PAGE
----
Plyometrics and Wannabe Navy Seals
Patrick Barry leads an ad-hoc workout group in Los Angeles. To give you an idea of his fitness, a few years ago, while already in his 40s, he survived the 50+ hour SEALFit Academy training patterned after the US Navy’s Buds' Hell Week. It has a dropout rate of about 80%.
Patrick’s preparation included working out 22 to 26 times a week for the 8 weeks prior, running hills with a weighted vest, flipping tires, heavy bag training, and a host of other activities.
Recently, Patrick led his group of 20- and 30-somethings through the ultimate plyometric challenge.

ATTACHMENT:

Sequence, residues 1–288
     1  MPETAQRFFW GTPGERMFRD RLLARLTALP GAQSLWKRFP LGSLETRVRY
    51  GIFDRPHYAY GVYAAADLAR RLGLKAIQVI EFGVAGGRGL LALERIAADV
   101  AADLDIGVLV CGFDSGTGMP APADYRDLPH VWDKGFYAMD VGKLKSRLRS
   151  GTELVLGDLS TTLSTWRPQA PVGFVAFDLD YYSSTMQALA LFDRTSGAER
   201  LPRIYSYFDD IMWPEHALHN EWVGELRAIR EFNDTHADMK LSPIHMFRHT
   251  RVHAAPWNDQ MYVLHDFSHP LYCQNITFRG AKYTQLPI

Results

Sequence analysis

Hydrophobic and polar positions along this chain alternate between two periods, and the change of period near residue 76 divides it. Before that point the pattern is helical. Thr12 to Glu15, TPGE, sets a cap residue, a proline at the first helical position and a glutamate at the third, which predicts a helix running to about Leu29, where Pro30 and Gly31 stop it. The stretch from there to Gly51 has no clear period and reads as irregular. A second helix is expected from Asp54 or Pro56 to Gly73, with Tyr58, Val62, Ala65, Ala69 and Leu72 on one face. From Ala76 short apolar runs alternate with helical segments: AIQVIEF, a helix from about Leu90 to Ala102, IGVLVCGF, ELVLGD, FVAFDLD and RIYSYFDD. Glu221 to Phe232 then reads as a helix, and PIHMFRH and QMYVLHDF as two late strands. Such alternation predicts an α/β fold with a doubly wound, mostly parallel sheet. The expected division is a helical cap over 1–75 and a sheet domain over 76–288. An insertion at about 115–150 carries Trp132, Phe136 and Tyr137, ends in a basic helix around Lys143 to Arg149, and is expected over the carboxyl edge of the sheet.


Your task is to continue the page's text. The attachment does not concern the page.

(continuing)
Have you ever done a Burpee? Measurement of oxygen consumption confirms what many military vets can attest: The burpee is the best way to elevate the heart rate in a restricted workout space.
The normal burpee consists of dropping from a standing position into a squat with your hands on the ground, kicking your feet back into a plank position, returning the feet to the squat position, and then doing a powerful plyometric leap up into the air.
Patrick had his group perform a variation in which they leaped forward. They repeated these high-burn, small-forward-progress Burpees until they had completed a total of four 400 meter laps around a track for an entire mile: an astounding plyometric feat. Even for a Navy SEAL.
Leave a comment and we’ll get back to you about the next meeting time and place for Patrick’s group.